India, which vies with China as the world’s top consumer of bullion, is working on new policies to improve transparency and help expand its $19 billion gold jewelry industry, according to people with knowledge of the matter. The plans being worked out by the finance and commerce ministries along with industry groups should be finalized by the end of March, the people said, asking not to be identified because they aren’t authorized to speak publicly. DS Malik, spokesman for the finance ministry, didn’t answer calls to his cellphone, while a spokeswoman for the commerce ministry didn’t reply to an email seeking comment. The launch of a spot bullion exchange, to make gold supply more transparent and help enforce purity standards, is under consideration, the people said. An import tax of 10 percent could also be reduced as the government seeks to eliminate smuggling, they said. The plans also include a dedicated bank for the jewelry industry, according to one of the people.
The overhaul of India’s disorganized and fragmented gold jewelry industry is meant to bolster confidence among consumers, where the giving of gold at weddings and festivals or its purchase as a store of value are deeply held traditions. Ensuring quality standards and allowing supply chains to be easily tracked are ways to enhance trust in the metal. The estimate for the size of the sector was given by the Mumbai-based India Bullion and Jewellers Association Ltd.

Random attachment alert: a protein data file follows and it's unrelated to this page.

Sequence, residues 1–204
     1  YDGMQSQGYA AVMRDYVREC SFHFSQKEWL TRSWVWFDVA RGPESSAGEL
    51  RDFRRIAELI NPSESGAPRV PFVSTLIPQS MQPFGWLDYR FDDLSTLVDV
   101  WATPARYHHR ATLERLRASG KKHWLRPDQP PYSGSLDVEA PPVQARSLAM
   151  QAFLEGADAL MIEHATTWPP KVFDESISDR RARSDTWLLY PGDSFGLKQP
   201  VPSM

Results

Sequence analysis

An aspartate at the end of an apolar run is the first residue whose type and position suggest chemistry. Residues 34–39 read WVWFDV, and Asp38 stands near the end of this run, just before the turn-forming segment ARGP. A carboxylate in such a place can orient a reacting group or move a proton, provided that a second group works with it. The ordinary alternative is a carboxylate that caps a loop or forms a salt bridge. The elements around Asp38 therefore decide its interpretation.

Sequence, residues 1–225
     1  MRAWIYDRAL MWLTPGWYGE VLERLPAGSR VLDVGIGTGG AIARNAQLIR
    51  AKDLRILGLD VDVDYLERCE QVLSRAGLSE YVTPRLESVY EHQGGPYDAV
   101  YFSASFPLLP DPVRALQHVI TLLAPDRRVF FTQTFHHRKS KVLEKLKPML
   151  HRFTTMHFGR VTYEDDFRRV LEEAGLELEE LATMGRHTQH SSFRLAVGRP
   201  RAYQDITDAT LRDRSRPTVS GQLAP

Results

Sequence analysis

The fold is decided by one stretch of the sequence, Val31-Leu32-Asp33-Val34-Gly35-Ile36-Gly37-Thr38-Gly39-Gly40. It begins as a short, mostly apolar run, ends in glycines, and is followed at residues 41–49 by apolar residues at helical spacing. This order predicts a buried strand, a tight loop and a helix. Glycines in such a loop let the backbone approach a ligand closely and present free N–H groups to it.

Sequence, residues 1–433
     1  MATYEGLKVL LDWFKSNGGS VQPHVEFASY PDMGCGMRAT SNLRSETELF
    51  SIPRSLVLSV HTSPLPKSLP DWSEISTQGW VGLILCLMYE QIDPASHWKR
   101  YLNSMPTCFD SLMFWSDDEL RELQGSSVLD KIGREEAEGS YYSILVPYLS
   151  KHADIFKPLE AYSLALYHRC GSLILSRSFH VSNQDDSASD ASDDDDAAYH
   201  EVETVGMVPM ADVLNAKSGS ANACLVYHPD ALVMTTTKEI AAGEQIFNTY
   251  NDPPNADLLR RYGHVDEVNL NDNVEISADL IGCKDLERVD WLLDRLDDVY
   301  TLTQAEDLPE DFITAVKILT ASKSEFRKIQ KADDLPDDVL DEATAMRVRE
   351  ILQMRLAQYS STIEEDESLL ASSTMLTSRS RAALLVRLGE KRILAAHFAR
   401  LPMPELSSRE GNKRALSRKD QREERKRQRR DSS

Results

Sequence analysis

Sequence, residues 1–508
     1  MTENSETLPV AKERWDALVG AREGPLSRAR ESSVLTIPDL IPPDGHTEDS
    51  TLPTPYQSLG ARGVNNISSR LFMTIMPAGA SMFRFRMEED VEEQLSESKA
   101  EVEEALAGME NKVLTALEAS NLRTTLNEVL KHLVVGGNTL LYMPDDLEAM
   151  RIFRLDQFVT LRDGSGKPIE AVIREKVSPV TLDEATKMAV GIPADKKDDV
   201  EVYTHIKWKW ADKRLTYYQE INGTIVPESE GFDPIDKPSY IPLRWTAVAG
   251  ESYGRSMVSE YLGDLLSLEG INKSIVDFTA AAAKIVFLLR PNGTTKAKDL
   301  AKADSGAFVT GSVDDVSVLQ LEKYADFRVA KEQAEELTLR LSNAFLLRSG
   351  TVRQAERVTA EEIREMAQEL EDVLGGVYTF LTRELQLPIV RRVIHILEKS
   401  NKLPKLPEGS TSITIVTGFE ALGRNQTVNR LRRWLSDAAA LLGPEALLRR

The measures could help underpin Indian demand, which is recovering after slumping to a seven-year low in 2016. Consumption is projected to rise to between 850 and 950 tons by 2020, from an estimated 650 to 750 tons this year, buoyed in the short term by a lower-than-expected goods and services tax to be implemented next month, the World Gold Council said last week.
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The government fixed the tax on gold at 3 percent, lower than the 5 percent feared by the industry, as it replaces more than a dozen domestic levies with a single duty. “The gold supply chain should become more transparent and efficient, and the tax reform could boost economic growth, which we see as supporting gold demand,” according to the WGC, a producer body that advocates for the metal.
The government is also keen to get the public to recycle its jewelry to reduce the nation’s reliance on imports. After a slow start to its plans to monetize the precious metal held in households and institutions, the government is looking to tweak the scheme and attract more participants, the people said, without giving details. The initiative, launched in November 2015, was aimed at returning an estimated 20,000 metric tons of idle gold to the financial system.
The commerce ministry is working with the Quality Council of India to make sure testing centers meet international purity standards and is seeking global recognition for its Bureau of Indian Standards hallmark, the people said. Of about 30 bullion refineries in the country, only 10 are BIS certified, so far. The government also wants to bring the same quality control to the nation’s gold refineries, they said.
The WGC said last month that it’s working with the Indian government to create a spot gold exchange that may start up as soon as next year. The council has also said it supports cutting the import tax.